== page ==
Conveniently, you can ascend the Roman walls via a staircase near the cathedral's front plaza. Walking atop them affords great views of the city. Other points of interest include the expansive Praza Maior (central plaza) and the Town Hall, an impressive 18th-century Baroque building.

The walk ends with a traditional lunch at one of the best restaurants in the city. Be sure to try a regional specialty like the mariscada, an enormous plate piled high with lobster, scallops, mussels, shrimp, and more. Be sure to pair it with a good Galician wine like Ribeiro or Rias Baixas. Afterward, you'll return to your hotel and will have the rest of the day free to relax and enjoy Lugo.

Day 11: Drive to Oviedo, Enjoy the City

The colorful streets of Oviedo
The colorful streets of Oviedo

In the morning, you'll leave Lugo and Galicia for the Asturias region of Spain. Specifically, you'll be driving east for about 2.5 hours along the rugged and beautiful Cantabrian Coast to the village of Oviedo, which is nestled amid the green slopes of the Cantabrian Mountains. Famous for its medieval Old Town and UNESCO World Heritage Sites, this is the perfect spot to stroll historic streets and breathe some fresh country air.

After checking into your hotel, you can begin a self-guided walk through the town. A good place to begin is anywhere in or around San Francisco Park, a sprawling public space filled with pathways, gardens, fountains, and even peacocks. All around the park are historic plazas and buildings, including the beautiful Baroque Hotel de La Reconquista and the Catedral San Salvador, a 13th-century Gothic church.

Other options include visiting the Fine Arts Museum of Asturias, with its 15,000 artworks spanning the 14th through the 21st centuries; the Archeological Museum of Asturias located in the 16th-century Monastery of San Vicente; and the Palacio de Santa María del Naranco, a pre-Romanesque former palace turned church, dating back to the year 848. If you work up an appetite, grab a local snack like rosquilla (Spanish donut).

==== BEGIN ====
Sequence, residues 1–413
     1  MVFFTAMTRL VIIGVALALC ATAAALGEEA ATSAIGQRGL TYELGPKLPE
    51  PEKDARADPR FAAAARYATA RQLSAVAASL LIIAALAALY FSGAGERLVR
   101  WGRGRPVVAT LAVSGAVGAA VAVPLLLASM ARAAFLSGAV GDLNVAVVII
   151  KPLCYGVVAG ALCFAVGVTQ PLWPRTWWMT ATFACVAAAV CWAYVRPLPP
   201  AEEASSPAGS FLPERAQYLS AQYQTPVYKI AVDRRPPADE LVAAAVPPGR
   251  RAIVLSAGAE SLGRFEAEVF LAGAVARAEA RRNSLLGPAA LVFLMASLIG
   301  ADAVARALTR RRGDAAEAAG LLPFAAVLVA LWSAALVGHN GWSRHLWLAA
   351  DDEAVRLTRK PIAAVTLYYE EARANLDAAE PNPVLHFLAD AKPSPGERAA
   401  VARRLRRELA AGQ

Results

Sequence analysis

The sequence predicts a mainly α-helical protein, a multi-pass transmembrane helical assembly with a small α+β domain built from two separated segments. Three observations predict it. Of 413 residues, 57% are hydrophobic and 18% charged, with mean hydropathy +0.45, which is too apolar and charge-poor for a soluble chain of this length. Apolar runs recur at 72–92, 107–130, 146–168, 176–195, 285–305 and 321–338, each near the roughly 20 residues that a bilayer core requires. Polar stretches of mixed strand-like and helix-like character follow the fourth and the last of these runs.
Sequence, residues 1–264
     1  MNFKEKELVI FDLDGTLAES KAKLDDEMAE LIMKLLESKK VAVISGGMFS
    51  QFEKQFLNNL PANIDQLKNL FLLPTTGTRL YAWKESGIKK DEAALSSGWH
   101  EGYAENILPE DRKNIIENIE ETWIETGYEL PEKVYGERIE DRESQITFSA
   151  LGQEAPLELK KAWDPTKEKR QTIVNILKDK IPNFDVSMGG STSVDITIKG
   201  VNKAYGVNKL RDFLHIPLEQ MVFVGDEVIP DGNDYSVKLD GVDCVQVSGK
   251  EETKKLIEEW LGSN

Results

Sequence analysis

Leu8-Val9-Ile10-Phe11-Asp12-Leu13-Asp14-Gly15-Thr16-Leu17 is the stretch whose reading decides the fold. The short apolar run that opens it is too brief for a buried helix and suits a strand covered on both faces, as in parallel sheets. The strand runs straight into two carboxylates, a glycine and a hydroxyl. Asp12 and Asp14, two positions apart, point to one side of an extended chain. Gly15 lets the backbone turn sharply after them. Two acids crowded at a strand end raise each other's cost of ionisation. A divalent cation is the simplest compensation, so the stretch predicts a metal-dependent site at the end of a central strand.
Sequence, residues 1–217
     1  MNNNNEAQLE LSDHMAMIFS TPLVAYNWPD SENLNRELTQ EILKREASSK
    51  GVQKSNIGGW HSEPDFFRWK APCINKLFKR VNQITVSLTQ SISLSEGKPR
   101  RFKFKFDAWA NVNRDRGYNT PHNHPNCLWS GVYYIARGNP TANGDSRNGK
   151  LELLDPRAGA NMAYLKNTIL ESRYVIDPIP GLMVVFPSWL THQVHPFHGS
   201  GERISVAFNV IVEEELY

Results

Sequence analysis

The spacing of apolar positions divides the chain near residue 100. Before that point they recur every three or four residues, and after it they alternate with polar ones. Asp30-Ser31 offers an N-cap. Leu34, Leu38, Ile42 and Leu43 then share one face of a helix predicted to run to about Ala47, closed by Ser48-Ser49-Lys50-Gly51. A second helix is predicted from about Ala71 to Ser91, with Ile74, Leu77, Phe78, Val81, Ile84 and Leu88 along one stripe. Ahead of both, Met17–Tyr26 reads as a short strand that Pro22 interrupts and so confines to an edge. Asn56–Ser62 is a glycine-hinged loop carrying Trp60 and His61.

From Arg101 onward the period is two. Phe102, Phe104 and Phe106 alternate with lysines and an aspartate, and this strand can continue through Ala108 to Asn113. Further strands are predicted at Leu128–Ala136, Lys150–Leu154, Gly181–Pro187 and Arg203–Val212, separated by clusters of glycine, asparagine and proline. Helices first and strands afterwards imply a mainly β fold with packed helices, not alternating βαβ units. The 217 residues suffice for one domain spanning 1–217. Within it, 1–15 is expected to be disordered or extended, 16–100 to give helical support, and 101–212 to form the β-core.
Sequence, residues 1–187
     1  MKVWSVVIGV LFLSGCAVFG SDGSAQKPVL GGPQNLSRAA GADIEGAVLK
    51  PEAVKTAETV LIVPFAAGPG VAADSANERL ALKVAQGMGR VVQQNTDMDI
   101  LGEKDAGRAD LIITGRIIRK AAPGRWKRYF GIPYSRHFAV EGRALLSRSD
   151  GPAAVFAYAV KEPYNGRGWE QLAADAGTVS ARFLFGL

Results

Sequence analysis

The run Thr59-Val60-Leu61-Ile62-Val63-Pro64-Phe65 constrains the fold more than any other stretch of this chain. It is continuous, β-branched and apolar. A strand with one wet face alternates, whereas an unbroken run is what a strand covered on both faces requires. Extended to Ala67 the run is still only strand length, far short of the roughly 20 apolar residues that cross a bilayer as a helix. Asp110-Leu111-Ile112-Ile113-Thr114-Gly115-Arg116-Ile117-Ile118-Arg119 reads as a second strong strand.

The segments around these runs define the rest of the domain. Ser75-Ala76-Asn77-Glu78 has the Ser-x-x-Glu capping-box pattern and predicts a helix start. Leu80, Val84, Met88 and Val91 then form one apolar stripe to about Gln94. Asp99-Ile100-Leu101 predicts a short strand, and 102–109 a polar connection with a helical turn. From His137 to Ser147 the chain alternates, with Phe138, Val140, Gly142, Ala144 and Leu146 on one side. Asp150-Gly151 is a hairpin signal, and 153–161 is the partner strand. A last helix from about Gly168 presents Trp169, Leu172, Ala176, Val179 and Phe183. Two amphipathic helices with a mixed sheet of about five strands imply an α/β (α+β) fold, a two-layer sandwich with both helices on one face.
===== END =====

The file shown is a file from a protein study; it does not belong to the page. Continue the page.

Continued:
Day 12: Drive to Bilbao, Explore the City

The Guggenheim Museum is the star of Bilbao
The Guggenheim Museum is the star of Bilbao

In the morning, you'll make the drive from Oviedo to Bilbao. This is a pleasant and scenic three-hour drive that mostly follows the lovely Cantabrian Coast. Upon arrival in Bilbao, you'll check into your hotel and stretch your legs on a guided walk of the city. You'll begin in the Old Town, home to the oldest landmarks as well as many bars, restaurants, and boutiques.

Major sites in Bilbao include the 18th-century Church of San Nicolás and the 16th-century Church of San Antón, which is dedicated to Anthony the Great, an Egyptian saint and the father of monasticism. Other notable places to visit include the 14th-century Cathedral of Santiago and the Mercado de la Ribera, the largest covered marketplace in Europe.

No visit to Bilbao is complete without stopping in at the Guggenheim Museum, a masterpiece of contemporary architecture by the legendary Frank Gehry. This glimmering titanium structure looks more like a sculpture than a building, with its sleek lines curving in virtual defiance of physics. Inside is a treasure trove of works from great artists such as Andy Warhol, Anish Kapoor, Jeff Koons, Louise Bourgeois, and Eduardo Chillida.

Day 13: Coastal Drive From Bilbao to San Sebastián

The rugged cliffs of the Basque coast
The rugged cliffs of the Basque coast

The drive from Bilbao to the seaside holiday retreat of San Sebastián is a stunner. You'll pass through the Cantabrian Mountains in a little over an hour before emerging along the wild Atlantic coast until you reach San Sebastián. Along the way, you'll wind around coastal cliffs and pass charming little fishing villages that perfectly encapsulate the soul of Spanish Basque Country. Feel free to stop for lunch in any one of them for an unforgettable plate of Basque seafood.